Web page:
Chicago leads the nation with heroin-related emergency room visits, just one of several troubling indicators of the growing heroin crisis in the Chicago metropolitan area since the late 90's. In a report released on Monday, researchers from Roosevelt University cited the escalating amount of overdose death in the collar counties, a significant proportion of Cook County jail inmates testing positive for heroin, and the trending amount of users that inject the drug.
The new users of heroin: affluent suburban teens and young adults who snort or sniff the highly addictive drug. Once stigmatized because of its junkie connotation, many believe it has proliferated because it no longer needs to be injected. Users eventually may turn to injection as their tolerance level increases their need.
Heroin is easily obtained in the Chicago area and is trafficked through gangs using open air drug markets. Suburban kids with access to cars and cash frequent gang-controlled trafficking areas on the West side of Chicago, where they are welcomed and protected customers.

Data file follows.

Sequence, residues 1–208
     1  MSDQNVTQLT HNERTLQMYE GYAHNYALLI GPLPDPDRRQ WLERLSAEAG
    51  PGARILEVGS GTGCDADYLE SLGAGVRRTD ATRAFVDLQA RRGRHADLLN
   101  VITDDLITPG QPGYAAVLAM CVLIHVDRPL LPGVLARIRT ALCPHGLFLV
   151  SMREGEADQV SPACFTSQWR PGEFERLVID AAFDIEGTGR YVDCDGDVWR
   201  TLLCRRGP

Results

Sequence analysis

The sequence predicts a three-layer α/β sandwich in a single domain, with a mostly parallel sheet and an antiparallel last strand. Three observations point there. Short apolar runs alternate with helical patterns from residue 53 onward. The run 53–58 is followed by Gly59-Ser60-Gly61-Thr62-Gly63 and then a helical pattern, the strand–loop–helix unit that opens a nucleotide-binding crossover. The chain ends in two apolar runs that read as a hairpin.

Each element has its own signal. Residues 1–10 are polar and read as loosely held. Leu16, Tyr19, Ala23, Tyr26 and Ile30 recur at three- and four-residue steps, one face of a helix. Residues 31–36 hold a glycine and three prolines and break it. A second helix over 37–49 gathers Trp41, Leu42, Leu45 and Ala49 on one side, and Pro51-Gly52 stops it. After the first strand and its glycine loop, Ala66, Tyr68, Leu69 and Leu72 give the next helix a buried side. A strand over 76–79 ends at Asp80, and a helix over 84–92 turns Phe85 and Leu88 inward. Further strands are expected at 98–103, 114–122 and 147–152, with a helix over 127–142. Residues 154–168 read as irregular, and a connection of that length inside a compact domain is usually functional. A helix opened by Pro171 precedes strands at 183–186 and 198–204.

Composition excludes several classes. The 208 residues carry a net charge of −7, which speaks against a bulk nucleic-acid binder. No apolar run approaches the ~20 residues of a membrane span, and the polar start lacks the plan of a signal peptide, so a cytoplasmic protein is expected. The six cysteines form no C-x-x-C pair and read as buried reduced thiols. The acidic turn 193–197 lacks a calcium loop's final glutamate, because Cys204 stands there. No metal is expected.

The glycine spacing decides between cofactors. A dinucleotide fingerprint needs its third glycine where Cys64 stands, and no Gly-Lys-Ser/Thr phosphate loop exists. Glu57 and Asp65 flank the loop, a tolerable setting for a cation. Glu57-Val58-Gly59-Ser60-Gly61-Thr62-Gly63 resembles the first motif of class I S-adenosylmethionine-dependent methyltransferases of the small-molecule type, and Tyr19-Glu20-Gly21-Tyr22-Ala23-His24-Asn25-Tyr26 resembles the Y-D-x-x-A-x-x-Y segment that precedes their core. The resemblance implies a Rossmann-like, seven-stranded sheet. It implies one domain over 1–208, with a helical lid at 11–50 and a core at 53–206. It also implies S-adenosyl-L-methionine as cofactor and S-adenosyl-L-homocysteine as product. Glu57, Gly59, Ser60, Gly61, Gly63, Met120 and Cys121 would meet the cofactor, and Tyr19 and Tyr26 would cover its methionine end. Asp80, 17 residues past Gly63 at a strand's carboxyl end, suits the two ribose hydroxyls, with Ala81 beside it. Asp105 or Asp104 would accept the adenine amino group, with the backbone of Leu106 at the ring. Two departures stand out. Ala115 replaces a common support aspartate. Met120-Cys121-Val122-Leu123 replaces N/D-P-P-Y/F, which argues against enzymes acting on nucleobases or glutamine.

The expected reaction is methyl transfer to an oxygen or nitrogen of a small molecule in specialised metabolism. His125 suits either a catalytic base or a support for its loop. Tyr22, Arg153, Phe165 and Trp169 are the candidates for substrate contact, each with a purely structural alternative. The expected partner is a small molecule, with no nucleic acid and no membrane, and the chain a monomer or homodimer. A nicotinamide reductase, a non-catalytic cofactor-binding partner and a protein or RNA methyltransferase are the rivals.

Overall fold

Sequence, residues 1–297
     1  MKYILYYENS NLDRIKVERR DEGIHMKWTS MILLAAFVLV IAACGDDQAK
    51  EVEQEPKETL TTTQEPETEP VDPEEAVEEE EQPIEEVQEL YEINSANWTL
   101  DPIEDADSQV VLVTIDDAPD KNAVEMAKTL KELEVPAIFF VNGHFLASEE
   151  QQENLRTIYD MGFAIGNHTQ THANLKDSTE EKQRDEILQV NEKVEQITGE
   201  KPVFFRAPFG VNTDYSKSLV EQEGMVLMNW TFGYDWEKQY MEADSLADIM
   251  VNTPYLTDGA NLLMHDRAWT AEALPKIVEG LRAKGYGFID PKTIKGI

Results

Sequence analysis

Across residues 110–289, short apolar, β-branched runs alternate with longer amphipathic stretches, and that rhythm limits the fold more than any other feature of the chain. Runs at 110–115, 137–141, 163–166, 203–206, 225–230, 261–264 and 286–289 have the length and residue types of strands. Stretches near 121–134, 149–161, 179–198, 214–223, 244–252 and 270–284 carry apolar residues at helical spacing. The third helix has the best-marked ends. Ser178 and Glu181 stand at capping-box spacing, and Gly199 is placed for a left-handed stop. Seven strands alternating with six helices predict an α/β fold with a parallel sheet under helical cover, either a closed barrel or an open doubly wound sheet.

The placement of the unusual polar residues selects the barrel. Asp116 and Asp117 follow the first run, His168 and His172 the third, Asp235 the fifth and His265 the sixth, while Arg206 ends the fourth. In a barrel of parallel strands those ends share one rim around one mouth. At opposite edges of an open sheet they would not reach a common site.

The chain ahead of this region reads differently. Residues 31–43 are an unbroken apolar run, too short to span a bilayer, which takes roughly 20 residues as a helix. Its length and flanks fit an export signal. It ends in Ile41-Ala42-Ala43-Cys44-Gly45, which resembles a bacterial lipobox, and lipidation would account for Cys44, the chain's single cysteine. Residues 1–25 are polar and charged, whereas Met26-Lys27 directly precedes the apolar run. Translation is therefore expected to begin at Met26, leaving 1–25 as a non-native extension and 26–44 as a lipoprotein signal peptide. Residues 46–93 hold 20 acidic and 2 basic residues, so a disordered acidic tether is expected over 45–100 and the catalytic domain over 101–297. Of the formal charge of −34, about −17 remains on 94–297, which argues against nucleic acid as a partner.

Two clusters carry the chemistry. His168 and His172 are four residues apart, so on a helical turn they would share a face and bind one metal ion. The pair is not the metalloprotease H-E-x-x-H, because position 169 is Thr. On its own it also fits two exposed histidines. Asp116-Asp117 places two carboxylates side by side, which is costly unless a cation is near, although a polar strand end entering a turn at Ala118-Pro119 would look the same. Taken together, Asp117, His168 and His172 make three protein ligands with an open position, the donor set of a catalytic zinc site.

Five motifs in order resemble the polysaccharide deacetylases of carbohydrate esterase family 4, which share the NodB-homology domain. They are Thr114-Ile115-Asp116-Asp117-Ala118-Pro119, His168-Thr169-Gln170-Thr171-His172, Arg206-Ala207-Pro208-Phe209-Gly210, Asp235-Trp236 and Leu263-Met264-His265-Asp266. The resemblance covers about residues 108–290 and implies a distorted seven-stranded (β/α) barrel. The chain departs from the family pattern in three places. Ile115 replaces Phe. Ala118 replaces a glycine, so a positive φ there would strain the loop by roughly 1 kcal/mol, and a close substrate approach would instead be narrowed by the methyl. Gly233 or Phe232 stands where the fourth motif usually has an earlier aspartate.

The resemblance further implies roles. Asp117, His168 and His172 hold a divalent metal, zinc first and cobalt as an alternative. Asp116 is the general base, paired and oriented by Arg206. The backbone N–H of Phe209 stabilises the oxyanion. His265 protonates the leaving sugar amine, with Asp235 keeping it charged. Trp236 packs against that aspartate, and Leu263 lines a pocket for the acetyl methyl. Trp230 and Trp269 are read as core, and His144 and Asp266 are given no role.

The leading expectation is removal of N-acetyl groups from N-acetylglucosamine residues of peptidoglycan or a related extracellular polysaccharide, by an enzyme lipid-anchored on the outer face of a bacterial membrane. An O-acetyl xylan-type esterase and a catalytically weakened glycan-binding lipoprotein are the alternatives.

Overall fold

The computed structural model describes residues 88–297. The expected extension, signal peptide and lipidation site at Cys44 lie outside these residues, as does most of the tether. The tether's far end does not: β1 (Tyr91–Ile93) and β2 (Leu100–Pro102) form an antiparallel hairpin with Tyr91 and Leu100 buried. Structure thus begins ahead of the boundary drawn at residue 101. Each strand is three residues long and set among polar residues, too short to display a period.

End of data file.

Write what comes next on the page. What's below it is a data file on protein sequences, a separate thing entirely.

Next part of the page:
North Avenue, dubbed the "Heroin Highway" is a common route for many of these suburbanites, with heroin-related arrests occurring at all times of the day. The drug is sold in small amounts and its inexpensive cost adds to its popularity among high school kids and young adults.
Heroin is synthetically derived from the opium poppy. Even upon its first use, heroin affects the central nervous system, initially producting a euphoric feeling that users continually chase. As their tolerance level to the drug builds, heroin users need increasing amounts to get that same high.
Accidental overdose from the drug is a critical danger, even upon initial use. Heroin is usually cut with other substances, so users have no knowledge of the purity and potency of their supply.
Did you know that heroin was first marketed by The Bayer Company in the late 1800's as a cough reliever and painkiller?